Thursday, February 21, 2008

Here's How to Stop the Sugar - Rollercoaster Before You Develop Diabetes!

If someone stacked 110 2 pound bags of sugar on your kitchen table on January 1st, how long would you say it might take you to ingest all of it in the course of your normal diet? A couple of years? Five years? Longer? The fact is that in the United States, the per capita sugar consumption is three times that amount, per person, per year!
Sucrose, corn syrup, caramel color and fructose are all sugar in disguise. That's not to mention the cans of cola, ice-creams, and starch-based foods that we eat on a daily basis. Glucose is the bottom line - as far as your body is concerned only three major sources of carbohydrates exist in the normal human diet. They are sucrose (known popularly as cane sugar), lactose (found in milk) and starches (found in all non-animal foods - particularly the grains).
Starches, lactose and sugar are broken down into glucose molecules during digestion, and it is these molecules that are the major source of energy in our bodies. In the ordinary diet, which contains far more starches than all other carbohydrates combined, glucose represents more than 80 per cent of the final products of carbohydrate digestion, and glucose and fructose seldom represent more than 10% each of the products of carbohydrate digestion. So lose the crabs!
The consumption of sugar and refined starches is having a devastating effect on the world's population. It is a multi-faceted disorder and inflicts a tremendous economic burden on patients, families and health care providers.
Our blood sugar levels are governed by the hormone insulin, which is responsible for carrying glucose from the blood across the cell membrane and into the cells. If you don't have sufficient insulin, your cells will literally starve, due to a lack of glucose for energy production.
The glucose therefore remains in the blood, resulting in elevated blood sugar levels. In the case of diabetics, the cause of these high blood sugar levels is either an inability to produce enough insulin (which is secreted by the pancreas), or a decrease in sensitivity of the body's cells to insulin. Insulin is designed to eliminate excess glucose in the bloodstream.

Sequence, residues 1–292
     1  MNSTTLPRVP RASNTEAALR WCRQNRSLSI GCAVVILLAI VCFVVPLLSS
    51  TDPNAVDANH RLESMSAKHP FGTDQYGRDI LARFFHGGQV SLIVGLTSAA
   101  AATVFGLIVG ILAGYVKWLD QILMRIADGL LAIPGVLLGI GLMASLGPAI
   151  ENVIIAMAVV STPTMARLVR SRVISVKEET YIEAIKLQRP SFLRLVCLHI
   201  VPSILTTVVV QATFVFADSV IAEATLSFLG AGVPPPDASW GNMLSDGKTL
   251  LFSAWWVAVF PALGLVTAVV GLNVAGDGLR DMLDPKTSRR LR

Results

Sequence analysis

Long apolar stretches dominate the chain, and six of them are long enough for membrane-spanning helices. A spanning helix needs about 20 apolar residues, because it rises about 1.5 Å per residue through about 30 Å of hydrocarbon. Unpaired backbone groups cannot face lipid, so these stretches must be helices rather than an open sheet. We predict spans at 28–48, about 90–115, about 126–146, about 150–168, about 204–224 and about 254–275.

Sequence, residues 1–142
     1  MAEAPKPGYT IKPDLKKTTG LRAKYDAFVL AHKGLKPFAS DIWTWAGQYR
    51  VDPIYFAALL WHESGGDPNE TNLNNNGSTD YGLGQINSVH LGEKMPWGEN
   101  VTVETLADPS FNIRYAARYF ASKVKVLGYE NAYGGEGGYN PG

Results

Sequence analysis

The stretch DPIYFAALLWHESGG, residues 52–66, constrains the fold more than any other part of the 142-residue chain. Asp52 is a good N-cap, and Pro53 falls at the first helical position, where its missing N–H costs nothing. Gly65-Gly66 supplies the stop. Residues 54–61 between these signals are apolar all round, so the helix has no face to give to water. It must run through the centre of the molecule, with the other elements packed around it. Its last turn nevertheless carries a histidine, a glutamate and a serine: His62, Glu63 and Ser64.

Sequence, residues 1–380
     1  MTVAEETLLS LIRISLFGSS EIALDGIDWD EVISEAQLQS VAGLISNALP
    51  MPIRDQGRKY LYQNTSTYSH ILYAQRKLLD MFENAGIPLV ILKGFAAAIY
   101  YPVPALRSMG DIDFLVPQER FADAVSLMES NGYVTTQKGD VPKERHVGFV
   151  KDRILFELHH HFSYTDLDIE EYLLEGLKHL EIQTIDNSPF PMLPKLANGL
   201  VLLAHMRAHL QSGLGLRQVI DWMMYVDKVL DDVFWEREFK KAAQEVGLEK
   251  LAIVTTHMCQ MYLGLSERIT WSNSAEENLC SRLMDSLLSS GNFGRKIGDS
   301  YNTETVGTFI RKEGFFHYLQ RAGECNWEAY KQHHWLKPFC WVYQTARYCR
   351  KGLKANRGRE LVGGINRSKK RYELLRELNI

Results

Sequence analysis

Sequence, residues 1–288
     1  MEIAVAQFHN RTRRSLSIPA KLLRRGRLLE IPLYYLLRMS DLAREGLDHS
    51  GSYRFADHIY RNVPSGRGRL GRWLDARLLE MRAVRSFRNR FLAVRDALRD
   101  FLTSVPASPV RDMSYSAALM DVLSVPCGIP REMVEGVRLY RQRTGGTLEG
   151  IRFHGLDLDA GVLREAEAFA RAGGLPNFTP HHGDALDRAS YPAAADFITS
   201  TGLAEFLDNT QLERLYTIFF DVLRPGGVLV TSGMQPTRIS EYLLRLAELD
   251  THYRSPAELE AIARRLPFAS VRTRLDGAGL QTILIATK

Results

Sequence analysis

Consuming excessively large amounts of carbohydrates over extended periods of time means that the pancreas must produce more and more insulin to bring down the glucose level, causing the body to become "resistant" to the insulin. And, the higher the insulin, the more fat gets shoved into our fat cells for storage. Put simply, the body becomes resistant to the hormone insulin, due to long-term carbohydrate overload.
There are serious complications of Type II diabetes to every organ in the body if blood glucose, blood pressure and lipid (fat) levels are not adequately controlled. In addition to diabetes, the health problems that can result from elevated blood sugar levels include obesity, hormone imbalance, elevated blood pressure, low 'good' HDL cholesterol, and fatigue. Type II diabetics have a very high incidence of heart disease, and this is their main cause of death.
However, this can be prevented, or at least controlled, by taking great care to control blood glucose, blood pressure and lipid levels. A recent study reveals that high blood sugar boosts the levels of damaging free radicals Now, a recent study reported in the Journal of Clinical Endocrinology and Metabolism shows that excess blood sugar may boost the production of free radicals - the byproducts of normal metabolism that have been linked to ageing and heart disease.
The implication is that it can be prevented by lifestyle measures, which include exercise and diet. But it's not just diabetics who should be worrying about their carbohydrate intake. We are all in danger of permanently damaging our bodies by carbohydrate overload. A healthy diet is the most important factor in controlling blood sugar levels.
How to take action today!
• Skip the white rice, white flour, potatoes and corn.
• Reduce or dilute fruit juices, especially from tropical fruits, and eat the whole fruit, but in moderation. Temperate fruits like apples and pears are a wiser choice.
• Never over-eat. Stop when you are no longer hungry. You really do not have to clean your plate (leftovers are "good things").
• Do eat high protein foods: meats, soy products, nuts, eggs and cheese.
• Look for products higher in fiber or with added fiber.
• If eating bread, go for whole grain products without added sugar. Read the labels on your food. Even most brands of tinned tomatoes contain sugar!
The rollercoaster effect of rising and sinking glucose levels in the blood have a huge impact on mood. Cut out starches and sugar and you'll lose weight, feel better, and have much more energy.
For more information on diabetes visit